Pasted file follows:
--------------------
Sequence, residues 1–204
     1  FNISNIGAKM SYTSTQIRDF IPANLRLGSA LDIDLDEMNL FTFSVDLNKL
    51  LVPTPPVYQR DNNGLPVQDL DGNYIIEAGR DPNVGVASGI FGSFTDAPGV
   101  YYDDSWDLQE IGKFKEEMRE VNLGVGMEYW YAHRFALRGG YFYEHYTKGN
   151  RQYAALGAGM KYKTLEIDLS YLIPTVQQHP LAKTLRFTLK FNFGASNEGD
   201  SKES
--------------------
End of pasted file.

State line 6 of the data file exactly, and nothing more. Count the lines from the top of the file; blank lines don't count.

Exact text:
   201  SKES